As we settle in to our home in the foothills of Virginia, one thing that has become apparent over the last month is that we may have left the marsh-laced lowcountry, but my cooking hasn't. After four decades (almost my entire adult life) in a Savannah kitchen, the patterns and flavors of that unique coastal cuisine have become an indelible part of my cooking.

 

No matter how one looks at it, moving and resettling in another place, even a beloved one, is daunting and stressful. So it's no surprise that, once the kitchen was settled, our meals have been a steady stream of comfort food favorites. It was also no surprise that many of those comforting dishes go back to our childhood—steaming bowls of cheese grits, country-style steak, macaroni pie, my mother's baked chicken.

 

What did surprise me—and shouldn't have—is how many of them came from those four decades in the lowcountry.  Read More 

Be the first to comment

20 October 2021: Making a Vacation Kitchen Home and an Autumnal Salad

Autumn Salad with Apples, Bacon, and Pecans before adding the Buttermilk Ranch Dressing.

20 October 2021: Making a Vacation Kitchen Home and an Autumnal Salad

 

This weekend we will have been gone from Savannah for a month. We're settling in at our house in Virginia and it's finally beginning to sink in that we're not on a vacation that will soon end: We're really and truly here to stay.

 

The most challenging and yet welcome transition for me has been the kitchen. Bright, sunny, and more inviting than any of my many kitchens have been, it's also been better equipped than those of most vacation houses. But while perfect for the on holiday cooking I've done in it, there's still been a lot of making-do.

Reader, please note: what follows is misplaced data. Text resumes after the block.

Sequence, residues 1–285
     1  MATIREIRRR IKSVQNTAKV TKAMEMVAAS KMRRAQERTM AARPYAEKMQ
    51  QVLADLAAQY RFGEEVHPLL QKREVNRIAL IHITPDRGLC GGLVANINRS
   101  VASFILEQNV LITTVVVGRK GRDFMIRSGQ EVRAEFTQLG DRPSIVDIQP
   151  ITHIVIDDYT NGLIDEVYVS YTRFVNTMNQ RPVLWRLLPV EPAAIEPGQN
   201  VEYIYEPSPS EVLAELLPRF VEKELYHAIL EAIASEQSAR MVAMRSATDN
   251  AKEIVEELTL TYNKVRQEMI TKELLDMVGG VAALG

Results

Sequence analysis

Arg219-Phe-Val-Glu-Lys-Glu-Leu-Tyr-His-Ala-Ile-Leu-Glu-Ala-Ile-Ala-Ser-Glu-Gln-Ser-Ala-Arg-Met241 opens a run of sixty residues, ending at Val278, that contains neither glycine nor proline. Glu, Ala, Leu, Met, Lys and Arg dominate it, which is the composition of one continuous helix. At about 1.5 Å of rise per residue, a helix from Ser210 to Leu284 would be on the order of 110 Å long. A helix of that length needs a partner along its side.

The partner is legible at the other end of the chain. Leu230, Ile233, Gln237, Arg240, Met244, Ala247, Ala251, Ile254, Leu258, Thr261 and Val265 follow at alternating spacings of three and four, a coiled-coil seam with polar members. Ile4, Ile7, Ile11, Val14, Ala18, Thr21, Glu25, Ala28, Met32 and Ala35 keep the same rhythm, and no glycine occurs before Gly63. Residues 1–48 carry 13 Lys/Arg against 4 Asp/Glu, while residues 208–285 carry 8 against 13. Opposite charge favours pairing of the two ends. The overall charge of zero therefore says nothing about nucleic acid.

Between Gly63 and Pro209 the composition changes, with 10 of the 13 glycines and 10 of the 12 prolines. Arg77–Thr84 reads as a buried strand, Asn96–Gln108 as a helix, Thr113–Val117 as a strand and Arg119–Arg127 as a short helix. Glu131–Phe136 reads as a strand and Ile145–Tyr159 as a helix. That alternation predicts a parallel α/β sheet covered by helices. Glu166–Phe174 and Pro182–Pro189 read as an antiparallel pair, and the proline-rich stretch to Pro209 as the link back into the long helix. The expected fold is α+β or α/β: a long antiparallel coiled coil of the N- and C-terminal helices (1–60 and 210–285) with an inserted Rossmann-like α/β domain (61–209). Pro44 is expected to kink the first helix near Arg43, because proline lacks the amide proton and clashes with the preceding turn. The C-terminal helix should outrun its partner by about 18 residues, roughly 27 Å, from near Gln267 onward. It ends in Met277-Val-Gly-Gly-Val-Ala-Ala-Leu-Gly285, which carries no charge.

Now that all the equipment has been reunited in one place, you'd think it would've been perfect.  Read More 

Be the first to comment

6 July 2021: Summer Squash

Chicken Cutlets with Summer Squash

 

Among the best things of all the wonderful summer produce that used to come from my mother's now dormant vegetable garden were delicate, sweet summer squash. It yielded our familiar Southern yellow crooknecks by the bushel, but also produced slim little green zucchini in equal quantity, because our whole family loved both.

 

They're what I miss most from her garden. We cooked them in all the usual ways and never tired of any of them:  Read More 

Be the first to comment

30 June 2021: Summer Squash and Pasta

Thin Spaghetti with Yellow Summer Squash, Bacon, and Scallions

30 June 2021: Summer Squash and Pasta